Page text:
LONDON—The U.K. Supreme Court’s ruling that Prime Minister Boris Johnson’s five-week suspension of Parliament was unlawful ramps up the pressure on Mr. Johnson to reach a Brexit deal with the European Union.
As Parliament reconvenes this week, the prime minister’s ability to deliver on his signature pledge to take the U.K. out of the EU on Oct. 31 is dwindling. He is left with little option but to race against the clock to agree on a new withdrawal package with the EU in time for a critical summit of the bloc’s leaders Oct. 17 and 18.
The stumbling block is how to avoid a border appearing post-Brexit on the island of Ireland. Officials on both sides say they are working at speed to find a solution to that but a new deal looks like a remote possibility unless Mr. Johnson significantly shifts from his current positions.
Any deal reached would need to be brought back to London and approved by Parliament for Brexit to happen.
If a new deal isn’t secured at that summit, Parliament has legislated that Mr. Johnson must by Oct. 19 request an extension to Jan. 31 to allow for further negotiations and prevent Britain from exiting without an agreement to smooth its departure.
Mr. Johnson has said he would rather “die in a ditch” than delay Brexit for a third time. Brexit was originally planned for March 29.
The standoff means the U.K. is almost certainly heading for a general election, though the precise timing of any poll isn’t clear.
Deal or No Deal?
How the Brexit crisis could play out in coming weeks.
Johnson returns with a deal
Johnson returns without a deal
Govt. asks for extension until Jan.31. 2020
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Govt. refuses to ask for extension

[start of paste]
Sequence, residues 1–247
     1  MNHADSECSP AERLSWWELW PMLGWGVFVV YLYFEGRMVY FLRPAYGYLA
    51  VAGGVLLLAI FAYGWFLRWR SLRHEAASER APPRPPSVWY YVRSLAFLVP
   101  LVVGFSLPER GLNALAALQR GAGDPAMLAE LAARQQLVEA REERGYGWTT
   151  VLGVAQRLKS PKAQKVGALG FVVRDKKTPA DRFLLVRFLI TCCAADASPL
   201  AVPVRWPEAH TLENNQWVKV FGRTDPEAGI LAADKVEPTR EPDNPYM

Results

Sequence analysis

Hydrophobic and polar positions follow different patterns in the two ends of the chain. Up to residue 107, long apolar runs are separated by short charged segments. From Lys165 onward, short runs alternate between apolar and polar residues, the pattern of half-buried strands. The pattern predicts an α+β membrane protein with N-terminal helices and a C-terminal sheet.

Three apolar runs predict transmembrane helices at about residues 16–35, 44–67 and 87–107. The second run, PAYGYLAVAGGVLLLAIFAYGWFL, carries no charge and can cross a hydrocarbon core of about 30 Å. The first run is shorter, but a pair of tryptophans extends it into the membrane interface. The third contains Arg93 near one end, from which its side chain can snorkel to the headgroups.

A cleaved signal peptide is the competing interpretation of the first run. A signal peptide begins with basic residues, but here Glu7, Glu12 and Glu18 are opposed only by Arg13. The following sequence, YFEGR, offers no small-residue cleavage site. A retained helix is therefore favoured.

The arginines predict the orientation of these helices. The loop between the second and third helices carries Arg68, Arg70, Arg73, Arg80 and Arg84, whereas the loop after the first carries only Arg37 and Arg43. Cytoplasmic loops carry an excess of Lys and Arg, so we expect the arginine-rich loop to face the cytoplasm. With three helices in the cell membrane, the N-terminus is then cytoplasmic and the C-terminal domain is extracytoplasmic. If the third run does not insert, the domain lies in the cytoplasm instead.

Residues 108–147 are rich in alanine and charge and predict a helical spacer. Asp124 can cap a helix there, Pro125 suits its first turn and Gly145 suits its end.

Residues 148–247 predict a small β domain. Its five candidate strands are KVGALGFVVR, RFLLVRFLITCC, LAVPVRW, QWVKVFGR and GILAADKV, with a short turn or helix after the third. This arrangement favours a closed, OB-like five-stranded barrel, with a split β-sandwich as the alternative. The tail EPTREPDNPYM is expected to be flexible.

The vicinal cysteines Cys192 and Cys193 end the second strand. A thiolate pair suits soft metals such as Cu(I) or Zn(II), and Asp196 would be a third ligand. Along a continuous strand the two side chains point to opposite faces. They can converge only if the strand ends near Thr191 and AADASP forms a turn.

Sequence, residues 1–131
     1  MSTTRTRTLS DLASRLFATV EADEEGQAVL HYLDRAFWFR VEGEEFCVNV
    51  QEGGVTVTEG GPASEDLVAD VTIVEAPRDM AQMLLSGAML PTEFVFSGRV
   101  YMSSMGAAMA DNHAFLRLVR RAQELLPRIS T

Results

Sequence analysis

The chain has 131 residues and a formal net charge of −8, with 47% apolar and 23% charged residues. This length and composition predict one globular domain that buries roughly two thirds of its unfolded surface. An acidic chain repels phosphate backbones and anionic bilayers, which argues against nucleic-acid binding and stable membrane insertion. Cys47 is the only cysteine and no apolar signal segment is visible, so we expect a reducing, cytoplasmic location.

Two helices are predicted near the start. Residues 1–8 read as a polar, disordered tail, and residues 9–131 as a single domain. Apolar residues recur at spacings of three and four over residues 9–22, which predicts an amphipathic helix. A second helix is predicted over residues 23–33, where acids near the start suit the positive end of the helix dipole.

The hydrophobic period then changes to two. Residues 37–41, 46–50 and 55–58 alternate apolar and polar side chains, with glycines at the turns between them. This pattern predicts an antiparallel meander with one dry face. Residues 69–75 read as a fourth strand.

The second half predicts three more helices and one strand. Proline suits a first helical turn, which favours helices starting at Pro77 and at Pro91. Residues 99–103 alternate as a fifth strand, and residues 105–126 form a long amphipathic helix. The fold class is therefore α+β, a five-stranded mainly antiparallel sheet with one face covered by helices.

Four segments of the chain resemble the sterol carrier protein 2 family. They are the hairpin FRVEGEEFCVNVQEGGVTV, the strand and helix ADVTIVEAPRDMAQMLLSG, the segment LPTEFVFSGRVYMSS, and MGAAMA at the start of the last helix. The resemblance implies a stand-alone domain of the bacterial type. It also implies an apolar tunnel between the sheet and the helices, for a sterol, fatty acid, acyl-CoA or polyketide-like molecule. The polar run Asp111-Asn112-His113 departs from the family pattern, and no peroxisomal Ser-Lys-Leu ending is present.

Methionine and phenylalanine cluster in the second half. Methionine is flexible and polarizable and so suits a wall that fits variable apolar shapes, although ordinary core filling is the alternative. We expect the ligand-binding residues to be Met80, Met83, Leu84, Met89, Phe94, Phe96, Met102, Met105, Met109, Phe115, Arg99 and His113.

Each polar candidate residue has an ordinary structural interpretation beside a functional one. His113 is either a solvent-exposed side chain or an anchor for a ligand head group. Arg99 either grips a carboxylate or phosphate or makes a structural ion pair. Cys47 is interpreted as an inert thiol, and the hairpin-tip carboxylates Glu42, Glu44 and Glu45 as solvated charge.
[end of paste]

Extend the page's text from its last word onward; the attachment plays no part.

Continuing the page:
These two options could happen simultaneously
Parliament ousts Johnson or he resigns.*
to agree on
Govt. asks for extension until Jan.31. 2020†
Mr. Johnson has been pushing for a snap poll within weeks. But he needs two-thirds of the House of Commons’ 650 lawmakers to agree to hold a vote. Opposition parties are resisting, preferring to wait until a Brexit deal is reached or an extension secured before sanctioning an election.
That leaves Mr. Johnson facing the prospect of fighting an election without having delivered Brexit, likely a harder fight to win than if he had. The hard-line Brexit Party has been wooing previously loyal Conservative voters irritated by slow progress on leaving the EU.
An alternative route to an election, especially if Mr. Johnson refuses to seek the extension required by law, would be for opposition parties to call—and win—a vote of no confidence in Mr. Johnson’s government.
Under parliamentary rules, any successful no-confidence vote is followed by a 14-day period for the formation of a new administration that can command a parliamentary majority. Opposition lawmakers have said they hope within that time to nominate a caretaker prime minister—possibly Labour Party leader Jeremy Corbyn or another lawmaker who opposed a no-deal exit—with a limited, two-pronged mandate: getting the extension and setting an election date after Oct. 31, probably in November or early December.
An extension needs the unanimous agreement of the other 27 EU members. European diplomats say it would likely be granted to give time for a British general election.
Write to Jason Douglas at firstname.lastname@example.org
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